2. We focus way too much on what we don’t have.

One of the most common complaints I hear from church staff members has something to do with what they don’t have.

In the Gospel account of the feeding of the 5,000 all they had to start with was 5 loves and 2 fish, but in the end, there was more than enough.

“Constraints are advantages in disguise. Limited resources force you to make do with what you’ve got. There’s no room for waste. And that forces you to be creative.”

Celebrate simplicity. Remember God can take nothing and make it into something.

3. We are afraid of change.

I guarantee we’ve all been a meeting where the phrase, “well we heard people say _____________ about _____________….”

Fill in the blanks… the music was too loud, they didn’t like that message, they don’t like this, they don’t like that…

These conversations usually center on a sensitive topic in the church: change.

And how do we respond? We quickly turn down the volume, change our minds, or reverse a decision.

“Sometimes you need to go ahead with a decision you believe in, even if it’s unpopular… remember negative reactions are almost always louder and more passionate than positive ones… so when people complain… let them know you’re listening. Show them you’re aware of what they’re saying. But explain that you’re going to let it go for awhile and see what happens.”

Give change time and be more concerned with what the voice of God is saying to you and let that influence you more than the voices of other people.

4. We use “let me pray about it” as an excuse to get out of making decisions.

I absolutely believe it’s important to pray about major decisions that impact the life of the Church – we shouldn’t move unless we feel God leading us. But all too often we use the “let me pray about that” card to delay simple decisions.

“Whenever you can, swap “Let’s [pray] about it” for “Let’s decide on it.” Commit to making decisions. You’re as likely to make a great call today as you are tomorrow. Don’t make things worse by overanalyzing and delaying before you even get going.”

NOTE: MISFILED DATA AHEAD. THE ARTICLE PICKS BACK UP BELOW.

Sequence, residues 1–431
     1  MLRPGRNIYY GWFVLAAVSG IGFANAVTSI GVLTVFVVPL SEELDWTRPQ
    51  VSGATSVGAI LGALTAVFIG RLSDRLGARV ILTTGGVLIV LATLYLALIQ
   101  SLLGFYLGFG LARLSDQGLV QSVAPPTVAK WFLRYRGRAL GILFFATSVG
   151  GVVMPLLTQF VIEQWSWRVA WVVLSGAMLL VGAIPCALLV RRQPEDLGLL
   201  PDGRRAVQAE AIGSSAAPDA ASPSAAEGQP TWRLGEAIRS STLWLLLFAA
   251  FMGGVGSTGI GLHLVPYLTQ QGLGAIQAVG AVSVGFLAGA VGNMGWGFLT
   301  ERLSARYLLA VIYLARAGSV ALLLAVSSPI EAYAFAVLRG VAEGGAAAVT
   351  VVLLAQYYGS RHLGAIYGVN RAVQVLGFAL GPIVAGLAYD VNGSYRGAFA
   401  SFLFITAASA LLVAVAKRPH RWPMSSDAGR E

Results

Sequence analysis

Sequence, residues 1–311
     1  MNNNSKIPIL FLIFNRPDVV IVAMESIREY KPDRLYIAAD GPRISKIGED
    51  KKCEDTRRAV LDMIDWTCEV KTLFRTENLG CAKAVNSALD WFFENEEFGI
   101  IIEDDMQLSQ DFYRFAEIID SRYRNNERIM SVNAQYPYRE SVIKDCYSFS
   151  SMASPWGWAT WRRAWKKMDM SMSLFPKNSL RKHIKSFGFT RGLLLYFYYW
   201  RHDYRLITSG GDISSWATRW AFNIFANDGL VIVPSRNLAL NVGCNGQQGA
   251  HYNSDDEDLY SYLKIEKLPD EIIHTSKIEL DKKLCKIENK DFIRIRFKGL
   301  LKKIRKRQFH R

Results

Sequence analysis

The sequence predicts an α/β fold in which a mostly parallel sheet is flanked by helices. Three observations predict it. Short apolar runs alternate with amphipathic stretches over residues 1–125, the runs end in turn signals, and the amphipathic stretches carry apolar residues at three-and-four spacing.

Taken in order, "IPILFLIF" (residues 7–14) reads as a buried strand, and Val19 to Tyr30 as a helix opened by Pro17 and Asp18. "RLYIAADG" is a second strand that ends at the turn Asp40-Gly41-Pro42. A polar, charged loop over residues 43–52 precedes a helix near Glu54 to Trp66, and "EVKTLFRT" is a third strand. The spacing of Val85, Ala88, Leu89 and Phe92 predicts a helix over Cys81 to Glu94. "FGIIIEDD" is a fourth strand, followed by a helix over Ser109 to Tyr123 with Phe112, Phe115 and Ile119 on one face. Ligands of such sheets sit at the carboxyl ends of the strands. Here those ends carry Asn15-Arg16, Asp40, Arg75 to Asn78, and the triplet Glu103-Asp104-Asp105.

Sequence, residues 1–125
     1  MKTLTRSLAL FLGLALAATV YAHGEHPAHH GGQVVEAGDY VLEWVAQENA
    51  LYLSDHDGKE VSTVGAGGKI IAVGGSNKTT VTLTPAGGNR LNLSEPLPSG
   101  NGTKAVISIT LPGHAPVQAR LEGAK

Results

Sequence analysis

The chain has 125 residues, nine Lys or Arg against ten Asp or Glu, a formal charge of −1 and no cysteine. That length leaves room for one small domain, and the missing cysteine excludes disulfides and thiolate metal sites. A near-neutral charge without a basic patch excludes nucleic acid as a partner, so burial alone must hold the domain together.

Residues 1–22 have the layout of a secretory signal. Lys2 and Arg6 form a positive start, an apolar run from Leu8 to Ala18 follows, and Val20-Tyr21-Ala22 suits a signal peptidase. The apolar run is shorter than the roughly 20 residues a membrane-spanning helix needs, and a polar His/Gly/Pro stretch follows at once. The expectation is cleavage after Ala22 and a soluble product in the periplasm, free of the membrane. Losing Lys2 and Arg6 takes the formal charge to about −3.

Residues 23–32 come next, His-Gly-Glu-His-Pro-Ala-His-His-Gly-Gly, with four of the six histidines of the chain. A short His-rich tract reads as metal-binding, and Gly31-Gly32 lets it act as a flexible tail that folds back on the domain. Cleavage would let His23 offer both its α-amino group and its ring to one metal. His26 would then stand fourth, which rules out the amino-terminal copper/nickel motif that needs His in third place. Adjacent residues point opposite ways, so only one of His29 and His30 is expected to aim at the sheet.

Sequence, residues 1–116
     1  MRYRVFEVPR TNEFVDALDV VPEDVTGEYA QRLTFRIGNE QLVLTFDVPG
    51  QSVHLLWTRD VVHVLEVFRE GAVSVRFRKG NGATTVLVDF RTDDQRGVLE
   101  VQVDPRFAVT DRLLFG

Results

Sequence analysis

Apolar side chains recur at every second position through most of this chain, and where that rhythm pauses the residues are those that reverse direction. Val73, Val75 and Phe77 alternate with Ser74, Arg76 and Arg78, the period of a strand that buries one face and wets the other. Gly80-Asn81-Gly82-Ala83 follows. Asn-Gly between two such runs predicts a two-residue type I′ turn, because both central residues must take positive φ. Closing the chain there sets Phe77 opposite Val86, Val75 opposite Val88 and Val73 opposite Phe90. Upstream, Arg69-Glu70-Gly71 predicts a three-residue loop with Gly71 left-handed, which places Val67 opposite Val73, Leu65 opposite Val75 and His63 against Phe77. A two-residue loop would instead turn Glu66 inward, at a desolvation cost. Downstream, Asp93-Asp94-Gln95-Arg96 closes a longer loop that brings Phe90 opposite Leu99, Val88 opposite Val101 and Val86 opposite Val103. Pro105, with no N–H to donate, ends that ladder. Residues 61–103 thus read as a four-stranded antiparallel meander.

Pray about what’s important but don’t sweat the small stuff… just make the call and ask for forgiveness later if need be.

5. We LOVE meetings.

For some reason we love meetings. Planning meetings, prayer meetings, planning meetings for prayer meetings. I feel like we have entirely too many and lose valuable time we could be devoting to things that matter. 

“Meetings are toxic. If it only takes seven minutes to meet a meeting’s goal, then that’s all the time you should spend. Don’t stretch seven into thirty. Think about the time you’re actually losing and ask yourself if it’s really worth it.”

What’s one meeting you could condense or remove from your schedule? DO IT!

6. We try to do way too much.

Most churches are hyperactive and never sleep. We thrive on activity. The whole “less is more” thing hasn’t sunk in yet.

What if we focused on doing a few things REALLY well l instead of doing a million things half-aced? << that’s my PG version

“Cut your ambition in half. Lots of things get better as they get shorter. Getting to great starts by cutting out stuff that’s merely good.”

What are some good things you’re doing that could be sacrificed for great things that will make a greater impact?

7. We try to be something we’re not.

If I see one more 40somethings pastor dressed in Abercrombie so help me…

Ok, but for real… not just pastors but churches in general tend to have a problem of trying to be something they’re not.

“Don’t be afraid to show your flaws. Imperfections are real and people respond to real. There’s a beauty to imperfection. So talk like you really talk. Reveal things that others are unwilling to discuss. Be upfront about your shortcomings. It’s OK if it’s not perfect. You might not seem professional, but you will seem a lot more genuine.”

BE YOU!

8. We spend too much time looking at other churches.

We spend way too much time looking at what other churches are doing, be it a church across the country or the church across town. It’s great to watch and learn from others’ successes, but if you look at other churches as you competition your focus is waaaay off.

“Focus on competitors too much and you will wind up diluting your own vision. Your chances of coming up with something fresh go way down when you keep feeding your brain other people’s ideas. You become reactionary instead of visionary.”